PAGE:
Graphic Design: Students Embrace The Pathway’s New Chapter


Trinitii Baggett

National Success: SkillsUSA member and senior Calen Pitts is excited for this year’s State Conference where he aims to bring another Championship to the Graphic Design Pathway.

The Graphic Design pathway prepares NAHS students to become successful graphic designers. Throughout the three-year course, they compete against other schools in various SkillsUSA competitions. However, in March of 2021, they left their iMac computers behind for the more traditional APS Chromebook. With the return of in-person learning, they’ve now begun to reflect on the obstacles they had to overcome during a time of isolation.
Inside the classroom, students had access to exclusive software specific to their unique designs. With that said, they had to adapt and learn to navigate different software while working from home. “At home, I was able to install both photoshop and illustrator on my personal computers,” said junior Jesus Molina. “However, the slight difference in shortcuts between Windows and Mac limited the digital designs I could do.”
Unfortunately, every computer doesn’t support Photoshop which was at the forefront of their custom art and optical illusions. The next best thing was Photopea, but it was obvious everyone wasn’t in favor of the new rival. “Photopea was pretty similar to Photoshop but the editing process and working with larger files made it frustrating to design,” said junior Jordan Barnes.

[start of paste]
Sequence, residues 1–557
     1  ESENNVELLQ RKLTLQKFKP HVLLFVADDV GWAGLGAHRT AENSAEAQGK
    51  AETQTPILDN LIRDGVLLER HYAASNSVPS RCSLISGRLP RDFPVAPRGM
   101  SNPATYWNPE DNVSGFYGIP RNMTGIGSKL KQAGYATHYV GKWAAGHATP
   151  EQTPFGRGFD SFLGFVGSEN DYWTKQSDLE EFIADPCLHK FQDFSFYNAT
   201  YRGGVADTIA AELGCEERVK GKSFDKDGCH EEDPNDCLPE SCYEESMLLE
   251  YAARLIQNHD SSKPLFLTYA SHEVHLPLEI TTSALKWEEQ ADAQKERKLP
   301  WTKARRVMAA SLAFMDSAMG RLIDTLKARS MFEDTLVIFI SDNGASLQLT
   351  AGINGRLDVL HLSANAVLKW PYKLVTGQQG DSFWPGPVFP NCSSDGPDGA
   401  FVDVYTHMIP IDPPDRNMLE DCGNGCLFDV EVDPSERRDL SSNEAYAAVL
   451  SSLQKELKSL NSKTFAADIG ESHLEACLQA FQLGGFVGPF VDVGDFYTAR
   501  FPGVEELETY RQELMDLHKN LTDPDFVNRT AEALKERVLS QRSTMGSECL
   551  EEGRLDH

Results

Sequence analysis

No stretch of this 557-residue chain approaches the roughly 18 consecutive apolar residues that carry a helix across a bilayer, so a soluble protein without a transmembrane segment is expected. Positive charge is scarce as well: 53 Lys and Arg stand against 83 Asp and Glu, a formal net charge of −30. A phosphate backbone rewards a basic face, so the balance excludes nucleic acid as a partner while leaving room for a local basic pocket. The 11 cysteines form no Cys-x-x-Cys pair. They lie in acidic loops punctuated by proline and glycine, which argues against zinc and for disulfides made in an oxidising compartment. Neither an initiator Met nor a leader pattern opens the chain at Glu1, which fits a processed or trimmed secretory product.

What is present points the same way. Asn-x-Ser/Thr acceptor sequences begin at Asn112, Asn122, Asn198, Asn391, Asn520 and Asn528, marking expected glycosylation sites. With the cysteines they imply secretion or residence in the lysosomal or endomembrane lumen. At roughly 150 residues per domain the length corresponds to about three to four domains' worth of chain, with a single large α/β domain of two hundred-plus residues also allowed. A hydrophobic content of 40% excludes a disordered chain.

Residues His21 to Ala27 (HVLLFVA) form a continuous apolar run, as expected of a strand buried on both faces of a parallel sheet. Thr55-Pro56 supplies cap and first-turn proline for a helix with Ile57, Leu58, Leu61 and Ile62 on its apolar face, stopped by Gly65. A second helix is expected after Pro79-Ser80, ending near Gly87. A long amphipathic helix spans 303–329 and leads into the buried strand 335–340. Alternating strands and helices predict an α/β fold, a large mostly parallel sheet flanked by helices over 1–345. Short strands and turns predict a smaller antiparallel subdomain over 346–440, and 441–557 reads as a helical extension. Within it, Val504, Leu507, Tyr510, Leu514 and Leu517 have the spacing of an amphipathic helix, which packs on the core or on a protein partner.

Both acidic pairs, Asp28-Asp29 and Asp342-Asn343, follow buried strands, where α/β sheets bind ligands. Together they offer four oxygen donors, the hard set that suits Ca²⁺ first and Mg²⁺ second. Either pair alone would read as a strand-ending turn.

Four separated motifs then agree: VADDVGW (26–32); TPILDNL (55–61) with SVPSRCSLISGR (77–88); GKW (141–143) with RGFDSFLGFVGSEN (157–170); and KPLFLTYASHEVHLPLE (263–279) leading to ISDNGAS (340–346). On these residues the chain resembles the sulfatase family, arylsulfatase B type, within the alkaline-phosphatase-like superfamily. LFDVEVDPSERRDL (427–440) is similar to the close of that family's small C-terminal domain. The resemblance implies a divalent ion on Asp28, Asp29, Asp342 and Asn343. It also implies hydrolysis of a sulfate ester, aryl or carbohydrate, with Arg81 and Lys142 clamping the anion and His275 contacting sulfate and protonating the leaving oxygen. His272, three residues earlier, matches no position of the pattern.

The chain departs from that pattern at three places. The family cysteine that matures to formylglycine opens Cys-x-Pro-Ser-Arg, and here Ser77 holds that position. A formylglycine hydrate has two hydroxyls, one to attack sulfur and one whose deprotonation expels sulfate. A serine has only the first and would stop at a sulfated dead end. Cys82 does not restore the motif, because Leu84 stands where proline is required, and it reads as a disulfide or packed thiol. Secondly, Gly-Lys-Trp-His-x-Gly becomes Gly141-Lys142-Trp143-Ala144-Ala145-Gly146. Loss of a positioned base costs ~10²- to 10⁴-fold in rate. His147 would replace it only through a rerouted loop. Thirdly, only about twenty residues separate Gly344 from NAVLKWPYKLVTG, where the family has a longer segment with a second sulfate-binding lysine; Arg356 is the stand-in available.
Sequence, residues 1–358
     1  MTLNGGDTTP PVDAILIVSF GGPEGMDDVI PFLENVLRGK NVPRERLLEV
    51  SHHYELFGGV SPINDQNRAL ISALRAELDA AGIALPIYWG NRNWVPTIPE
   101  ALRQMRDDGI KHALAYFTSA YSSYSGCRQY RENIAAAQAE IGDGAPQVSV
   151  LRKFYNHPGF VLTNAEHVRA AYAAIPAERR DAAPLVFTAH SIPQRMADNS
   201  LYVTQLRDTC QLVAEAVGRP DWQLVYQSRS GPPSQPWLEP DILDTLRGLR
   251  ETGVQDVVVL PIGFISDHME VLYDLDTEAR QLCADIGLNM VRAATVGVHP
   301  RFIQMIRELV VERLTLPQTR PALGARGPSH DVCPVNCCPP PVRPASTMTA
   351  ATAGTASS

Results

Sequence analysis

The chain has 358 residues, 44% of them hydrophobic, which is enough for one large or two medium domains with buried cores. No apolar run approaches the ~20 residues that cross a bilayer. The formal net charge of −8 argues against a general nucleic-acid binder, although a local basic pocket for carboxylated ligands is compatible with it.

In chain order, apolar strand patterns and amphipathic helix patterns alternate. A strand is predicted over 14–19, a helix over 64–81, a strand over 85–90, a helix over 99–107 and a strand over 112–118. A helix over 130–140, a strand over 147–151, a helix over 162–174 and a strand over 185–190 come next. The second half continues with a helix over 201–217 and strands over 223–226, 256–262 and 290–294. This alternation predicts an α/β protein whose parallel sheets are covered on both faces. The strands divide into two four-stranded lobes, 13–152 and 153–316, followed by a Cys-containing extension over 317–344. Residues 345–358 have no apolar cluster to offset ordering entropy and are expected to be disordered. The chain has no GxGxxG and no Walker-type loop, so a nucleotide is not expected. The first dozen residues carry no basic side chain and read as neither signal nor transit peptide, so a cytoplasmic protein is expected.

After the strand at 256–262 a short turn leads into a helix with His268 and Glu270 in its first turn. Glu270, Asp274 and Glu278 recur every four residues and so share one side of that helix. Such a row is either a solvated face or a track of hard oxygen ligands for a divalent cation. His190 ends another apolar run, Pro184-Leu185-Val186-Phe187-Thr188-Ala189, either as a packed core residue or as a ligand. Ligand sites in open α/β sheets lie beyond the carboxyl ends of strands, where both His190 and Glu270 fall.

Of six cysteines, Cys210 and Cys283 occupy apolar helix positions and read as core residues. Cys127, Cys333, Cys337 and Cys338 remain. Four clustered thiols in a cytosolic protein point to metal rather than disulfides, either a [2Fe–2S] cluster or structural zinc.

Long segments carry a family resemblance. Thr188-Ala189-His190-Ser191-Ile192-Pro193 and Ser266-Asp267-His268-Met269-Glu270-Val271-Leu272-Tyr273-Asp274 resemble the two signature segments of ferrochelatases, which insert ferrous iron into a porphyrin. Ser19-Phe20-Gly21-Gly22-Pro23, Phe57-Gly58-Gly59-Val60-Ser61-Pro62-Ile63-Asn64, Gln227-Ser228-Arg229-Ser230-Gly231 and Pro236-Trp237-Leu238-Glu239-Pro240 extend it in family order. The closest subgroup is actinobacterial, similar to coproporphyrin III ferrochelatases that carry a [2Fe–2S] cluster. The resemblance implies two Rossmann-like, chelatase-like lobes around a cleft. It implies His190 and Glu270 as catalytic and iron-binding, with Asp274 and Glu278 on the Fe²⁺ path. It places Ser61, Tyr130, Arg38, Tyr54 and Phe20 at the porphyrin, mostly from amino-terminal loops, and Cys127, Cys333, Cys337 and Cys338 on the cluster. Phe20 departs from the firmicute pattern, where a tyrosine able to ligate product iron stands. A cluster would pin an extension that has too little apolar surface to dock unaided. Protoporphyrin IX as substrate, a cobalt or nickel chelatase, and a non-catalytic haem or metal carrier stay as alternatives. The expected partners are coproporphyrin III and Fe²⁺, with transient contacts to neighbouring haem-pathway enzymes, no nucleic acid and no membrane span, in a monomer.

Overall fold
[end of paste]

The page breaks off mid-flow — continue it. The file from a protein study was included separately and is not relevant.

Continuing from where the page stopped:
Overall, the absence of a physical teacher helped them become more self-reliant and dependent on online resources. The great energy, support, and motivation from fellow classmates are what they missed most of all. “Well, everyone in the class is really chill and willing to help so it makes my life easier,” said junior Clever LaForce. “I’m pretty good at using photoshop and I can help others so no one gets discouraged.”
When the day finally arrived they passed the Lab Safety Quiz with flying colors thus allowing them to use machinery to produce products like t-shirts, hoodies, and keychains. The pathway taught them to think bigger when it came to designing outside their comfort zone. “I did feel like I was being thrown out into unknown waters and told to swim but that greatly helped me as an artist,” said senior Calen Pitts.
Above all, the greatest lesson students learned from their experience is that facing challenges head-on made them even stronger designers. Eventually, all the disappointment about lost time disappeared because they put their best foot forward and embraced the journey. Most importantly, the greatest reward they share is knowing they believed in themselves and stayed focused on the end goal.